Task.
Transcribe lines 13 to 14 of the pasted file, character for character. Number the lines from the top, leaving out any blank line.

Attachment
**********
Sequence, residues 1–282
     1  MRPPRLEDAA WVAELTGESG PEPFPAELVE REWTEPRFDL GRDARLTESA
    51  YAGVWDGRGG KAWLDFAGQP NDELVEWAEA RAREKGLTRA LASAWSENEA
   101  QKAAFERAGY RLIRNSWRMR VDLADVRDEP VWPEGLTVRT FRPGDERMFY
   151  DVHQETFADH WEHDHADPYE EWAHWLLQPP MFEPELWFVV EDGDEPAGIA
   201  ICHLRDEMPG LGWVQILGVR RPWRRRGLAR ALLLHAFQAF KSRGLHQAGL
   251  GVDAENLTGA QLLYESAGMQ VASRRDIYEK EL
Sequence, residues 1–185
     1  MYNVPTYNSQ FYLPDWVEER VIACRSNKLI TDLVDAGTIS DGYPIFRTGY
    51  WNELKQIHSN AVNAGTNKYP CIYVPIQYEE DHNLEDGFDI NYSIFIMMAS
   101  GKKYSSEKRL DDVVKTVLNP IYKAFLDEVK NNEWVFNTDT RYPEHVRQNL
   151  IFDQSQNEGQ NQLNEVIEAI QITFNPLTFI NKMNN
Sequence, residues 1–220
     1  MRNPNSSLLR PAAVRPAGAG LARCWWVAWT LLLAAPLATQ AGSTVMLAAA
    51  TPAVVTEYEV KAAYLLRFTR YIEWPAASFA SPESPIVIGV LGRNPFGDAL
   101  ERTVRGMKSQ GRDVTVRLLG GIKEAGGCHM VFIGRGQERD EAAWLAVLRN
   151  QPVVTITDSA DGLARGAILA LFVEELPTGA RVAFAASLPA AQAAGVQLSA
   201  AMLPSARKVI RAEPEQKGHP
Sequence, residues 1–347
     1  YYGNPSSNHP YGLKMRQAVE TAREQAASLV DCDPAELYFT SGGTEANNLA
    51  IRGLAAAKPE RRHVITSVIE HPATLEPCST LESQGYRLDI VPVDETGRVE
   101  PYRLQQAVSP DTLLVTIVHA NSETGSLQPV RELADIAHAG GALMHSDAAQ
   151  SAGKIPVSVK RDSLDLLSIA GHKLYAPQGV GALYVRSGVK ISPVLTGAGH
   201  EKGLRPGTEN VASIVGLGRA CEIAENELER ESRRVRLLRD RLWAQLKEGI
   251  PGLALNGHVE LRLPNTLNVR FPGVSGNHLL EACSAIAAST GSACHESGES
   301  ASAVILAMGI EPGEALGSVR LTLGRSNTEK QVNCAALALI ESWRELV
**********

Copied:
Sequence, residues 1–220
     1  MRNPNSSLLR PAAVRPAGAG LARCWWVAWT LLLAAPLATQ AGSTVMLAAA